To help passersby make the connections, a brochure will outline the walking tours. “The series of panels that makes up each tour will invite people to discover Lake Street’s unique story at their own pace, over the course of an afternoon or on return visits.”  

Letofsky says that the group is interested in the project as a way to “build the vitality of Lake Street and its business community,” adding, “It’s an economic development tool.”  

The council plans to mount the displays next spring.

Source: Cara Letofsky, spokesperson for Museum in the Streets: Lake Street
Writer: Anna Pratt

Volunteers are up for the count of bicycles and pedestrians

For the fourth fall, volunteers are fanning out across town to count how many bicyclists and pedestrians pass by a given location over a two-hour period.

The Twin Cities is one of four places selected for a bike/walk program funded by the U.S. Department of Transportation, and measuring trends in bicycle and foot traffic is an important part of the project, says Tony Hull of Transit For Livable Communities, the nonprofit group working with local governments on "Bike/Walk Twin Cities." (The other places are less urban: Sheboygan, Wis.; Columbia, Mo.; and Marin County, Calif.)

Counts by humans with clipboards are needed because bikes and pedestrians are too light to trip the rubber strips that planners stretch across roads to count motor-vehicle traffic volume. The data lets transit advocates and city officials factor in all forms of transportation rather than focusing solely on the flow of cars and trucks.

Volunteers get training to ensure accuracy and consistency, then head out to 48 spots where people like to bike and walk. A few locations have seen a doubling or even tripling of bike and pedestrian traffic from 2007 to 2009. Most saw percentage-point increases in the double digits. An observer along a busy route can expect to see several hundred bicycles over two hours of counting.

(This year's count could still use a few good volunteers. If you can help, check out this link.)

By Hull's reckoning, the traffic levels of bikes and pedestrians are increasing at a rate that raises the question, "Do we need more capacity?" Bulking up the infrastructure dedicated to non-motorized traffic, like bike lanes and paths, may be needed, he says. Consider, for example, the Midtown Greenway, which has become so popular it can suffer crowded rush hours and near-traffic jams. In places like that, Hull says, the need for transit "starts getting to the next level."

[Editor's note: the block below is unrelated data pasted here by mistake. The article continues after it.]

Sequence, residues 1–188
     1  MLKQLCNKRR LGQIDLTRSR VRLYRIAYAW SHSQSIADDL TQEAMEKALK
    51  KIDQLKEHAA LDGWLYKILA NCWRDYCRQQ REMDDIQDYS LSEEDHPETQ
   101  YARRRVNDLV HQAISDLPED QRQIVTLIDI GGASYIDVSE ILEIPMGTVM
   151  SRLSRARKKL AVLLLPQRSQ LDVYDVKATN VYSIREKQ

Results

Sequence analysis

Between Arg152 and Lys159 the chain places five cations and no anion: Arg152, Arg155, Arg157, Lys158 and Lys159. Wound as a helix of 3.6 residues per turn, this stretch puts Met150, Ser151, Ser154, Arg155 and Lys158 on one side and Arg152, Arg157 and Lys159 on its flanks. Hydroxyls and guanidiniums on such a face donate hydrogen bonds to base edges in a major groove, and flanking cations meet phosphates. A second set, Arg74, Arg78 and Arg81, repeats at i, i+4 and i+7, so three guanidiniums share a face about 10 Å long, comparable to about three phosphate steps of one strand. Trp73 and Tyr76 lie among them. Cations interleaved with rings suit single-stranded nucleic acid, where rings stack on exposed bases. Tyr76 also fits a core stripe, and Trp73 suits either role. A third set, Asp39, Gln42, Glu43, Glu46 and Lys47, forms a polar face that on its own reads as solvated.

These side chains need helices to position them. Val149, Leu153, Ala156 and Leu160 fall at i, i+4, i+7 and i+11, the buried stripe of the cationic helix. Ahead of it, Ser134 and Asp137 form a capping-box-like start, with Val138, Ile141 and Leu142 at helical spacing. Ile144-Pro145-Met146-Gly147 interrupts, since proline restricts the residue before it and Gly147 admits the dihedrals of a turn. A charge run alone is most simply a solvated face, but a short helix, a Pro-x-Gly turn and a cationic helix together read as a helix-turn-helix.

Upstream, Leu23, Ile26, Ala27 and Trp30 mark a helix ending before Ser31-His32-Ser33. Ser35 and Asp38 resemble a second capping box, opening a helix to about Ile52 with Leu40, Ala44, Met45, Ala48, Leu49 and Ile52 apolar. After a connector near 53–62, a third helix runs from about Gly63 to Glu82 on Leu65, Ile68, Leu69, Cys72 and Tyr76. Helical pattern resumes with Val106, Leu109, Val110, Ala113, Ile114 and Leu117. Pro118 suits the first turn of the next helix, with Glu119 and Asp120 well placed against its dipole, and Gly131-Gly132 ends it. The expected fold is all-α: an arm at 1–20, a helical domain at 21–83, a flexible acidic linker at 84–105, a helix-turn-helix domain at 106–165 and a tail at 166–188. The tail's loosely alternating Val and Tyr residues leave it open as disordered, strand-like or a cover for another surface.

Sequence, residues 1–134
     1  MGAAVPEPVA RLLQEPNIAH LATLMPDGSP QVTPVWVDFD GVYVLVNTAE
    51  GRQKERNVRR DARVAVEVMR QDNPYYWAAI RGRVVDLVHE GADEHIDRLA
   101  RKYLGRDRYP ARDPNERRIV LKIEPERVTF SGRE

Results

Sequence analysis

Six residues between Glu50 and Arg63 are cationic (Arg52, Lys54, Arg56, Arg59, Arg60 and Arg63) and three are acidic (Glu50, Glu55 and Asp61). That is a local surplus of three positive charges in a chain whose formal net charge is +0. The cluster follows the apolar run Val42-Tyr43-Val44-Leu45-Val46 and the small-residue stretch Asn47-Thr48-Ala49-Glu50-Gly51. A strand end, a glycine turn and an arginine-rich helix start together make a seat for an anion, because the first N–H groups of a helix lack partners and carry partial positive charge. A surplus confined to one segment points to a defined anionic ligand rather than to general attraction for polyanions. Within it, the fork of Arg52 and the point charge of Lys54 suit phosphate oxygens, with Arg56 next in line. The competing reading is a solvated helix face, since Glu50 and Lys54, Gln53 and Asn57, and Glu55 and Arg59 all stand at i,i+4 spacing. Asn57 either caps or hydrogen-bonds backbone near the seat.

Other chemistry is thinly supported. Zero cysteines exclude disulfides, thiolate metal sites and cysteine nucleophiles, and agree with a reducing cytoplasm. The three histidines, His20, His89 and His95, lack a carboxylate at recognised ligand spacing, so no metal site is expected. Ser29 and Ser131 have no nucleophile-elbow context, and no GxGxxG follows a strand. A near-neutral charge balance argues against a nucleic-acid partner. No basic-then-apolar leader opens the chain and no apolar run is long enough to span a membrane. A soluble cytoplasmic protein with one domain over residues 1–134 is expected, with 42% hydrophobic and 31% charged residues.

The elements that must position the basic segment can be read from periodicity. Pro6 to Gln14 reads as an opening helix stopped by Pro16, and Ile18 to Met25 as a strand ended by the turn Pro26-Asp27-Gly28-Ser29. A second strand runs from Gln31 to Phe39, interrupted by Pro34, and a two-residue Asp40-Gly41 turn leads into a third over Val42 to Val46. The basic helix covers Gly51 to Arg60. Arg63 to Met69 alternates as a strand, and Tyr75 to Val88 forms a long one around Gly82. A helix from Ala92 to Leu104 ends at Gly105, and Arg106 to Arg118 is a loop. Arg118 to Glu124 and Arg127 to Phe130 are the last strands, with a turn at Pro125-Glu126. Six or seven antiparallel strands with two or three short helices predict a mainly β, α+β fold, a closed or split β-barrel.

Source: Tony Hull, Transit for Livable Communities
Writer: Chris Steller

Uptown's Walker Library to come up for air with $7 million rebuild

After nearly 30 years below ground, Walker Library in Minneapolis' Uptown neighborhood is getting ready to surface with a new $7 million building.

"A library that is highly visible" is the stated desire of a citizens advisory committee that issued a vision statement for a replacement structure earlier this year.

That will be a big change from the current, almost entirely subterranean library building at Hennepin and Lagoon avenues, where in lieu of a visible library at street level, person-sized steel letters spell out L-I-B-R-A-R-Y.

Envisioned is an above-ground building that announces itself as "Uptown's library, with a strong daytime and nighttime street presence." Designers don't have to look far to find an example of such a structure: the original Walker Library is still standing, just across the street.

Hennepin County's Designer Selection Committee has recommended an architect from among the 21 firms that responded to a request for proposals issued last spring, says Lois Lenroot-Ernt, capital projects manager for Hennepin County Library. The firm's name remains under wraps, however, until county commissioners act on the recommendation, perhaps this month or next.

Designer selection doesn't immediately lead to library construction in every case. A new building in north Minneapolis to replace Webber Park Library is on hold until the county acquires a site.

The county allocated more than $1 million in its 2010 budget to acquire land at a new Uptown site for the Walker library as well, but the RFP is for a $7 million structure to be built on the current site.

Source: Lois Lenroot-Ernt, Hennepin County Library
Writer: Chris Steller